Sometimes the deck seems stacked for us and sometimes it seems stacked against us.
Have trust and faith that everything is proceeding as it should.
Just as it sounds, this is blaming other people or circumstances for things that go wrong.
It also includes blaming other people or circumstances for how we act or behave.
Blaming Ambien for a racist tirade comes to mind…
“Racism Is Not A Known Side Effect Of Any Sanofi Medication”
The only person responsible for how you behave is you.
These are all the rules we have about how we and other people should act.
When we or other people fail to do what we think they should do, it causes upset.
Society has collective “shoulds”. There are cultural “shoulds”, gender “shoulds”, age “shoulds”, and as many individual “shoulds” as there are people.
No wonder people are in a constant state of upset!
Breaking our own rules makes us feel guilty. When other people break our rules, we get angry.
Guess what…they’re all made up.
The solution to this is to recognize that every “should” is a made up belief.
Yes, they feel important to us.
No they’re not worth sacrificing our relationships or our personal peace and happiness for them.
We think if we feel a certain way it must be true.
“I feel like an idiot, so I am an idiot.”
“I feel afraid, so I’m weak.”
It’s hard to ignore feelings. They feel so real, but they’re not an indication of the truth.
Take an inventory of what’s actually going on. What’s the actual evidence?
Fallacy of Change
We expect other people to change to suit us. This is common in relationships.
“I’ll be happy in this relationship as soon as my mate stops doing this or changes that.”
We demand change (and that’s rarely productive), and blame our dissatisfaction, unhappiness or failure on the other person’s unwillingness to change.
Your time is better spent on growing you, not trying to force someone else or society to change.
Love unconditionally. Reward behavior you want to see and don’t feed behavior you don’t want to see.
Backing off and giving other people the freedom of non-judgment gives them the space to grow in the way that’s right for them.
“Change the changeable, accept the unchangeable, and remove yourself from the unacceptable. “ — Denis Waitley
Global Labeling and Mislabeling
This is an extreme form of generalizing.
It leads to broad and negative assumptions such as “She’s a bad mother because her kids are in daycare” or “Men are selfish because they want to golf on the weekend.”
Get quiet and ask yourself why you’re making these labels. Is a button being pushed?
Where’s the evidence? Are you taking one bad experience and making an extreme generalization from it?
Always Being Right
Who doesn’t like to be right?
But this distortion involves having to be right. Being wrong just isn’t acceptable.
It can also involve ignoring clear evidence that would show you’re wrong.
Being right becomes more important than the quality of your relationships and the feelings of the people you care about.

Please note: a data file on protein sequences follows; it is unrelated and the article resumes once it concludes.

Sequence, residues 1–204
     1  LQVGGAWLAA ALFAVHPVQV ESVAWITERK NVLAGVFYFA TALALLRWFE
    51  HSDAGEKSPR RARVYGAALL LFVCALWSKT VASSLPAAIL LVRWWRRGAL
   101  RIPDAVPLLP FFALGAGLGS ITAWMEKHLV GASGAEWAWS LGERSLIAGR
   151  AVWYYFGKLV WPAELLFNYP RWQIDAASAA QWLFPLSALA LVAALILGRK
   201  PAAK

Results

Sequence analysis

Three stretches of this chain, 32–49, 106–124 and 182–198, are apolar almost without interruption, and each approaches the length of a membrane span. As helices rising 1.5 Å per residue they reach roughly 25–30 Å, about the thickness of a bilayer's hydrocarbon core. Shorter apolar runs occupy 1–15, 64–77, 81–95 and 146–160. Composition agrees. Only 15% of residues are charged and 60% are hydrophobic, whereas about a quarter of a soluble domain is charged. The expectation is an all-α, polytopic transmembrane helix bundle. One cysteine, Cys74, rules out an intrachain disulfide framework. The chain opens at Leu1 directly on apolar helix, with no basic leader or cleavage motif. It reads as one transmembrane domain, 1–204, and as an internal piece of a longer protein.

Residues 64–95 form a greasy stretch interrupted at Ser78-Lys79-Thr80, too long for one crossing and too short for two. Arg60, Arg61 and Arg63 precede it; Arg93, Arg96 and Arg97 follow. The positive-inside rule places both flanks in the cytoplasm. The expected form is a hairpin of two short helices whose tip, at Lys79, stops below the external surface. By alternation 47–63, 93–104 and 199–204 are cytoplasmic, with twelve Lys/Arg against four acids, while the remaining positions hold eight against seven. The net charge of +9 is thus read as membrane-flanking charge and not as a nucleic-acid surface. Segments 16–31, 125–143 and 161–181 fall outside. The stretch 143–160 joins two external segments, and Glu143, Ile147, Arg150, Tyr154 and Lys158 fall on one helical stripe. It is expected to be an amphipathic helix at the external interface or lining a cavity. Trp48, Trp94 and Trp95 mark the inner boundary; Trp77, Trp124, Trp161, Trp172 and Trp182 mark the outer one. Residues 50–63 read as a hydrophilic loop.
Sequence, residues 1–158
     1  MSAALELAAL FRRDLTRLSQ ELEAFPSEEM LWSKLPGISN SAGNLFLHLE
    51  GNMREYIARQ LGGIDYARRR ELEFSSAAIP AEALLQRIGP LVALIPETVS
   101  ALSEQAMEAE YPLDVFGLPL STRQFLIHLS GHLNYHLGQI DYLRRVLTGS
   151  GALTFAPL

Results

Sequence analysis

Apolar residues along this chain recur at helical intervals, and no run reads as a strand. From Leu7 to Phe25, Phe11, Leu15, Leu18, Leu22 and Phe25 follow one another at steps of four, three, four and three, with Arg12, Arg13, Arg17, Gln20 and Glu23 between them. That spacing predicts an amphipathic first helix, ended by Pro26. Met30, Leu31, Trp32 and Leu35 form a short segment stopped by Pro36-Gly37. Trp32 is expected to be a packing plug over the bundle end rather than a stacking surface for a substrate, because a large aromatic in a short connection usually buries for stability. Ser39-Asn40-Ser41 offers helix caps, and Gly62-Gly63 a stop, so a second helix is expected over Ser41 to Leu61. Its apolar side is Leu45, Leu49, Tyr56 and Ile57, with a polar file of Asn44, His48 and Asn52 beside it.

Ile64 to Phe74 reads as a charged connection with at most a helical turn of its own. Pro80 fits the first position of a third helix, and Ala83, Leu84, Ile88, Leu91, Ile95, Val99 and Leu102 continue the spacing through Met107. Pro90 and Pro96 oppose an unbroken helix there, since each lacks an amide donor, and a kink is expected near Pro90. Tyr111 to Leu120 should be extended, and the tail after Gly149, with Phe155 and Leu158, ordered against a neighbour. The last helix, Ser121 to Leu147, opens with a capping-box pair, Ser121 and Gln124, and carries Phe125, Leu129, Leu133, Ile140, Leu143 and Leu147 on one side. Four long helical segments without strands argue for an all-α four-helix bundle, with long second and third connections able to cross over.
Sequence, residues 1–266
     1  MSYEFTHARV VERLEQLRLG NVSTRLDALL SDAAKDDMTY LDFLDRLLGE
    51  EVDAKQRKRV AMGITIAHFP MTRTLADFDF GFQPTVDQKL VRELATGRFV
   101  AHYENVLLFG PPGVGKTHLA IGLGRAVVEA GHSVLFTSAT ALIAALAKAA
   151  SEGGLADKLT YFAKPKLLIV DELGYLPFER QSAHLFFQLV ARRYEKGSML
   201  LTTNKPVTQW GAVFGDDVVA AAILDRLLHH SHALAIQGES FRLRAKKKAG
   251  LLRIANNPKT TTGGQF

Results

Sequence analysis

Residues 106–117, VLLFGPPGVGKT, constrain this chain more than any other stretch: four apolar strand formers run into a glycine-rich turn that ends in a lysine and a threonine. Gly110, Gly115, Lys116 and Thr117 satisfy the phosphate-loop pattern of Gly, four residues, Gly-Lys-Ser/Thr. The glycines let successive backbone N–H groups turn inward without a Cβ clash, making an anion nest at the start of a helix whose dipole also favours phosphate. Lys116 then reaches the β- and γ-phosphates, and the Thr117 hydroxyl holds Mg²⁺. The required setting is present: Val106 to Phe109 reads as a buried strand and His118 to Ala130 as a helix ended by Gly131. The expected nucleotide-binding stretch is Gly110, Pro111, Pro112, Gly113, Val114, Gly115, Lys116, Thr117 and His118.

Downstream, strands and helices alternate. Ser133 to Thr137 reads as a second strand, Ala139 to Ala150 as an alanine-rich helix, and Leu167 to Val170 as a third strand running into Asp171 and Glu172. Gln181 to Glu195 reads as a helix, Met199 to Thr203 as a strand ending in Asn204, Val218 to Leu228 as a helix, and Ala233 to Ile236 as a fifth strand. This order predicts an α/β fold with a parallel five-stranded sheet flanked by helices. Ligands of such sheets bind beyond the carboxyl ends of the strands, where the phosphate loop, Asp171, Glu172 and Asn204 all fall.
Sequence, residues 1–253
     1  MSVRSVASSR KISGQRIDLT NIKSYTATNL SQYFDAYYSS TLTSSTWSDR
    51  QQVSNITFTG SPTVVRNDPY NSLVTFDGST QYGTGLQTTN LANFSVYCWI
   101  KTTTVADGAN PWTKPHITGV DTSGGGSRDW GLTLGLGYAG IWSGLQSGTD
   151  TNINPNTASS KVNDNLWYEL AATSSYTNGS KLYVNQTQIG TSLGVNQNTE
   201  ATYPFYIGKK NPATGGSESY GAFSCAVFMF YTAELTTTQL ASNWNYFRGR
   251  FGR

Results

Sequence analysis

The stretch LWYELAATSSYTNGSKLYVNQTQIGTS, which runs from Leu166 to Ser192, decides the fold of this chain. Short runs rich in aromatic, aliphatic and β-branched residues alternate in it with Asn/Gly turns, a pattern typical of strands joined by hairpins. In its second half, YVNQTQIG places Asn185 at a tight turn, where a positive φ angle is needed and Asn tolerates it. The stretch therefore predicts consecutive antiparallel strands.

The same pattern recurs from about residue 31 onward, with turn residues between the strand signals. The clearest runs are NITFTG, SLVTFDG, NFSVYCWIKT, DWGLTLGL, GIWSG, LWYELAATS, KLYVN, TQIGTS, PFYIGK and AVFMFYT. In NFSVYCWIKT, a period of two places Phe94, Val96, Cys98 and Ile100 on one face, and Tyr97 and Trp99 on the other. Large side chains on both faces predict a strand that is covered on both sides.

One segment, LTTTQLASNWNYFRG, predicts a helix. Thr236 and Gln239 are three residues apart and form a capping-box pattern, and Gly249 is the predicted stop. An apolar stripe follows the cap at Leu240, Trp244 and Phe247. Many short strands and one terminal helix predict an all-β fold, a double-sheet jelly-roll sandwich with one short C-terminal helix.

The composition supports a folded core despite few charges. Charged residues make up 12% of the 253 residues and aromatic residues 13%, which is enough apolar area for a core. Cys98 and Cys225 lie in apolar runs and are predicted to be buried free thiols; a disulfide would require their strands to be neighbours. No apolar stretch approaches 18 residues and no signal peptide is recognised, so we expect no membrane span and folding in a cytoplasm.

“If you are afraid of being lonely, don’t try to be right.” — Jules Renard
While we like to be right, the vast majority of the corrections we make are so unimportant that they’re forgotten almost immediately.
To be specific, the actual thing you were correcting is forgotten but coming off as an insufferable know-it-all is not forgotten.
If the stakes are high, or safety or ethics are involved, go ahead and make the correction.
If you’re arguing over what color Aunt Mary was wearing last month to your party, drop it.
Heaven’s Reward Fallacy
This is expecting that Karma or some other divine force will always repay you for your good deeds, and immediately.
You self sacrifice, expecting good in return and then get bitter and resentful when you don’t see a return.
“We would frequently be ashamed of our good deeds if people saw all of the motives that produced them.” — Francois de La Rochefoucauld
Instead, do the right thing just for the sake of doing the right thing. Give with no strings attached.
Restructuring your thoughts to take back your power.
Once you reveal a belief, you can challenge it.
I’ve named them here, so you can learn about the distortions that you adopted.
Think about why and when they took root. Ask yourself why you believe the negative thought.
Argue against the different cognitive distortions. Be a neutral observer and list your arguments against the distorted belief.
Use rational rebuttals to challenge distorted thinking.
It may help if you act as if you’re talking to your best friend instead of to yourself.
Don’t accept any thought or belief that you don’t want to be true for you or for someone else.
I want you to enjoy your most awesome life, and challenging these limiting beliefs is going to help get you there.
I made a 5-day Guide to Mastering Happiness, and it’s yours for free! Click here to get the guide for free!
Visit me at www.christinebradstreet.com